“Where on earth are you going?” asked my father.
“To the place where the rainbow ends!” I hastily replied. “See you in about three days!”
I had packed
already, so was eager to be off. “You’ll never find it! Even if you do, it…” he shouted, but I wasn’t
really listening, the last few words faded into the back of my mind. After all, that was just the kind of negative retort
I expected from him.
I arrived at
exactly 1500 hours, on the 6th day of the 2nd month, of the year ‘03. My first port of call was
the river valley; I had been told that it was the best place to find the beginning of the rainbow; therefore, I thought it
wise to start there, to find the end, that is! It was a strange place, where the rainbow began. As soon as I arrived, it started
raining, the sun shining through the clouds. Suddenly, there it was, the beginning of the rainbow. I couldn’t believe
my eyes, what luck to have come at just the right time.
What do you think you’re doing?” the voice startled me. I looked over my shoulder to see a little man with a green
face and clothes to match. I believed it to be the first leprechaun I had ever had the misfortune to encounter. I had heard
about the little fellows, how conniving they were, how they could get you to believe the sky was made from cotton wool. I
must admit, I was a little worried; after all, I had travelled a long way to find that pot of gold and didn’t want something
as obtuse as a leprechaun getting in my way.
I conjured up
a plan, a quickly thought out one, mind you; so, there was a huge chance it would not work, but I was willing to take that
I told the leprechaun,
“Oh, so you’ve found me out! There was I, believing I had done what no leprechaun had done in all his years of
trying. Finding the pot of gold at the end of the rainbow, first time.” I could see from the look on his face, he was
taken in. he believed every word of it.
I have at that. Ye’ll never pull the wool over the eyes of old shamus O’Leary, by god, you won’t. Now shift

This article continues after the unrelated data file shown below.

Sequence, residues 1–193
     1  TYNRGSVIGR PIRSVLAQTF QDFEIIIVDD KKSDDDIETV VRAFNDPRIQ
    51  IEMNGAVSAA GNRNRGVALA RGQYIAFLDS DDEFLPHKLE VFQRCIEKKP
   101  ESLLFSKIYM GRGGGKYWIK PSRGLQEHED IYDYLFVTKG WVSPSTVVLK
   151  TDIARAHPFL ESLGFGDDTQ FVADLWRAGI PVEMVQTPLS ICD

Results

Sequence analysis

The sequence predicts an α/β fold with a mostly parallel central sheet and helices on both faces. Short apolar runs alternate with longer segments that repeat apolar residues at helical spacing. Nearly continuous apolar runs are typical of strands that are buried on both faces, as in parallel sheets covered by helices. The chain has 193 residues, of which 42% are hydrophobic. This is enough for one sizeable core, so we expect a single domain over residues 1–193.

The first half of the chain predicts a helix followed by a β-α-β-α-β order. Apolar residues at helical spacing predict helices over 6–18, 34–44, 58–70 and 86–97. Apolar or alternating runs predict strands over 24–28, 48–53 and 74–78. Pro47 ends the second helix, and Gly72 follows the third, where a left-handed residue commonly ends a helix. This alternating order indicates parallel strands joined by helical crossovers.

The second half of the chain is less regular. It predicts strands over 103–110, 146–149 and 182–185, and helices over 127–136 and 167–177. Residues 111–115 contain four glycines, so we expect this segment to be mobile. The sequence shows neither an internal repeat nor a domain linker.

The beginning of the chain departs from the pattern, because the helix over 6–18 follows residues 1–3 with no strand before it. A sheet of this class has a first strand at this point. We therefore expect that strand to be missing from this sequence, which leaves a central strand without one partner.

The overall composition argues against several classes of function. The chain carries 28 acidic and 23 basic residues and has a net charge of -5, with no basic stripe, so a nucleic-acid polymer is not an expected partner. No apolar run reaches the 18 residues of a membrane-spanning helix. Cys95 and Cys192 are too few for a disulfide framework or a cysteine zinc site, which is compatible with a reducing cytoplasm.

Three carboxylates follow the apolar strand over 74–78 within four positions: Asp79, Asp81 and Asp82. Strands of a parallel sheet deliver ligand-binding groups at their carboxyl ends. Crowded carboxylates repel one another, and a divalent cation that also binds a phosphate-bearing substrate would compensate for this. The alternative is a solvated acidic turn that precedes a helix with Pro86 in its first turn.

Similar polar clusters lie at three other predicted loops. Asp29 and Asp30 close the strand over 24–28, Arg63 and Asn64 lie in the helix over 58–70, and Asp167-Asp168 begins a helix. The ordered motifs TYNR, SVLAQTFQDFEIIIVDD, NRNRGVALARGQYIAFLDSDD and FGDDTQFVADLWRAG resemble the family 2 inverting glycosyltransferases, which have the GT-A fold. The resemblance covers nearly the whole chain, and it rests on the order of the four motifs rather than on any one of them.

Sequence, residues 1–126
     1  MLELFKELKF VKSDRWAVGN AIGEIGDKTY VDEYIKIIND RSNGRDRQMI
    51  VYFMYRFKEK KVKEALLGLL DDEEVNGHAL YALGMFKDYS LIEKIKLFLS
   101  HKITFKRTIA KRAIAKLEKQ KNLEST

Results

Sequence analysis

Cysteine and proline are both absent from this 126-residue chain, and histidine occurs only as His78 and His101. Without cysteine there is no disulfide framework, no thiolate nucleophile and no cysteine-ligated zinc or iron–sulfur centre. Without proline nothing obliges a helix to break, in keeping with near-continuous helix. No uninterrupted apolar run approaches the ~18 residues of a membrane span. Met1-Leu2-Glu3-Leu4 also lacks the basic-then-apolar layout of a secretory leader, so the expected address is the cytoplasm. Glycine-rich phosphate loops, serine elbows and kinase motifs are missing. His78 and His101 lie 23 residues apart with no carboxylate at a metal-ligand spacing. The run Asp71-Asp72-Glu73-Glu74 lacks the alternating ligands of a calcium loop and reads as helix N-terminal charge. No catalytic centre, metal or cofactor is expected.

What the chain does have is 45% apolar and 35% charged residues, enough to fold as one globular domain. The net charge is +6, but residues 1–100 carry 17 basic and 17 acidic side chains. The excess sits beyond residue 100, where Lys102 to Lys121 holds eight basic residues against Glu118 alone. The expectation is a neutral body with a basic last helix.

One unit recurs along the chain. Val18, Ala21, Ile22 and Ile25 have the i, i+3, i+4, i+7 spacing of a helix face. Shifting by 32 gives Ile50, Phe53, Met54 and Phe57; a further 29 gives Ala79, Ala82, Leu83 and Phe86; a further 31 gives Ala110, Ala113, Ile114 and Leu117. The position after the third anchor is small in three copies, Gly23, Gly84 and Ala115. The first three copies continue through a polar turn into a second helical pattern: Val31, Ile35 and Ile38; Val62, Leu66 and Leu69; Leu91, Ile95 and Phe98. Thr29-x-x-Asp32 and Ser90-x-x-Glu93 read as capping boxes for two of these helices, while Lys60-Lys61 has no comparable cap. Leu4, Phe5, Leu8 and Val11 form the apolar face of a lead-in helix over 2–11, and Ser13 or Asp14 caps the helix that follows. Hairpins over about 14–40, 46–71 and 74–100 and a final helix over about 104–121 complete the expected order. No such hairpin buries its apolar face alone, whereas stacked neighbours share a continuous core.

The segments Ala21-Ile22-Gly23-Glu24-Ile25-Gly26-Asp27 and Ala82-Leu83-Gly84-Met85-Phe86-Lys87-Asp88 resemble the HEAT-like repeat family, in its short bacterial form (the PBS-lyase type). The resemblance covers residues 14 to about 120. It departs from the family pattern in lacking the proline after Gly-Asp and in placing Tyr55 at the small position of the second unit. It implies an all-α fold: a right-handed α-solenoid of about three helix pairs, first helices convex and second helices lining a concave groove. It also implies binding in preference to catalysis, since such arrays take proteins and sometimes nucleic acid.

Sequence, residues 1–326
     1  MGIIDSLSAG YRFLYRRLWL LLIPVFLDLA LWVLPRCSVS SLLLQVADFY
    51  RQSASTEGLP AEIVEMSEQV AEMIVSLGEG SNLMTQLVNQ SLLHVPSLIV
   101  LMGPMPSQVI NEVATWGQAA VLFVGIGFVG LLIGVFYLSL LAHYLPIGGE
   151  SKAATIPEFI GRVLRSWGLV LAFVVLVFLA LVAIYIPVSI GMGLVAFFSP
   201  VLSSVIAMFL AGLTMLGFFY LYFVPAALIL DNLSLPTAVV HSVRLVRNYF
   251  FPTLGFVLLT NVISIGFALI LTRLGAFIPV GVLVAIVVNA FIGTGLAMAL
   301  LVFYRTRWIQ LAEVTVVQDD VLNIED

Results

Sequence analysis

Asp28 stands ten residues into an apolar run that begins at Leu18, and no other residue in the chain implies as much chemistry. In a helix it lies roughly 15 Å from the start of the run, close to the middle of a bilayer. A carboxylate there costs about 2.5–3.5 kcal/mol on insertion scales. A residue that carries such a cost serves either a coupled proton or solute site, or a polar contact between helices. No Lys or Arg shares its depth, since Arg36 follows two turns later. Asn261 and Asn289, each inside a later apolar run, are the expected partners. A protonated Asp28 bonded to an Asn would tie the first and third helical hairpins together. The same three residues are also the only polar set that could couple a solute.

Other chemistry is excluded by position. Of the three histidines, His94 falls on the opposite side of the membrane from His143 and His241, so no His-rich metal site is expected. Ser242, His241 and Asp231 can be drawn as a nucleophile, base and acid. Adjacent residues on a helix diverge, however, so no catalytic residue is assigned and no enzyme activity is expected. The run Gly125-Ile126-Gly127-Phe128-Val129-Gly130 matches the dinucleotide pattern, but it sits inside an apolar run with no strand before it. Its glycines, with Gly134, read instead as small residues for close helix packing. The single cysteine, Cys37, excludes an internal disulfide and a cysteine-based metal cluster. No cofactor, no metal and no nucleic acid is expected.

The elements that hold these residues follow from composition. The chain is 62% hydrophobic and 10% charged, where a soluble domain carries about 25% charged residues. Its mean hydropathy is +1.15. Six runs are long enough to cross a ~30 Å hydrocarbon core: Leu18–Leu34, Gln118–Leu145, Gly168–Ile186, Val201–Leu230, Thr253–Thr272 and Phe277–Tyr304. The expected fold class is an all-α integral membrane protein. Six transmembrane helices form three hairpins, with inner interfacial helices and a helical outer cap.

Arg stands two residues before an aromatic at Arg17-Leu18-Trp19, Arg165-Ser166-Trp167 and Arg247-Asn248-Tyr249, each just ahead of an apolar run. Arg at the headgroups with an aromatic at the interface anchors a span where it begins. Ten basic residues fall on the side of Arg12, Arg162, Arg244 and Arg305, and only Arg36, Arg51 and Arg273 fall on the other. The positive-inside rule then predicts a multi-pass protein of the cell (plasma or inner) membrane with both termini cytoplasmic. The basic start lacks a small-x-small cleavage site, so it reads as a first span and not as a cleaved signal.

ye self out there an’ let me see!”
I slowly moved
forward, towards him, dropping coins out of my pocket, that my father had given me. “Ok! I’ll do what you ask,
but you must promise to let me go free from harm.”
a yawning, self-aggrandizing laugh. “Ay, lad. I’ll do that all right, so I will. I’ll definitely do that.”
his short legs and long arms, his over-exaggeratedly pronounced belly slowing and wobbling him, as he waddled towards me.
“What’s that you’re droppin’ there then mi lad? Already stole some of the money did you?” “Yer
won’t pilfer from me, yer little runt! ‘And it over ere!” as I bent over to pick up the coins I had dropped,
I leant out my hand and grabbed his trouser bottom. As I tugged it, he fell onto his back; feet in the air, his little legs
kicking like flies legs when they die; his arms flapping in the air. Now was my chance to escape; I figured it would take
him an hour, or two to roll onto his belly and get up from the floor. “Come back you scrawny, pathetic devil! Does you
‘ere me? Come back ‘ere!” I was off in a flash, up the side of the rainbow.
As I reached
the end of the rainbow, I could not believe my eyes. There, right in front of me, was the pot of gold. I had made it, without
much of a hitch. My father said I would never find it, what a fool he was. Now I could buy back my freedom and return home.
I extended my
hand to the rim of the pot, swooped it up in a second and was off. But, wait a minute! I noticed my hand turning green, my
legs shortening. “Oh, no! It can’t be!” I yelled, realising what a fool I had been. My father had warned
me, before I left, but I was too arrogant to believe. I thought back to him shouting, “you’ll never find it!”
then I realised his warning that I tried to ignore, “even if you do, it will turn you into a leprechaun, the instant
you touch it!”
I ran as fast
as my shrinking legs would take me, to the beginning of the rainbow. The leprechaun was still there, still trying to get up
off the floor.
help me! How can I stop it?” I screeched at him.
but lad, you thought I was funny, made a fool outa me. How do you expect me to help you?” he still couldn’t get
up, but now it was because he was laughing at me; the same yawning, self-aggrandizing laugh. “Anyway, there is no helping
you, as your father knows well.”
do you know my father and what he tried to tell me?” I snapped.
a look at my shoes. There lies your answer.” He said.
I ogled those
shoes, as if they were monsters; with the realisation that the leprechaun was my father. He knew what would happen and couldn’t
bare the thought of me, alone, transformed, so he decided to be here first.
What a huge
price I had paid for my greed, not only my own life, but my father’s.
Take heed young man, before you climb over, heed the reason I am sitting guarding the rainbow,
why I am telling you this tale!
(If you believe that crock of cod, you’ll believe anything. I’ll do whatever
it takes to keep my gold!)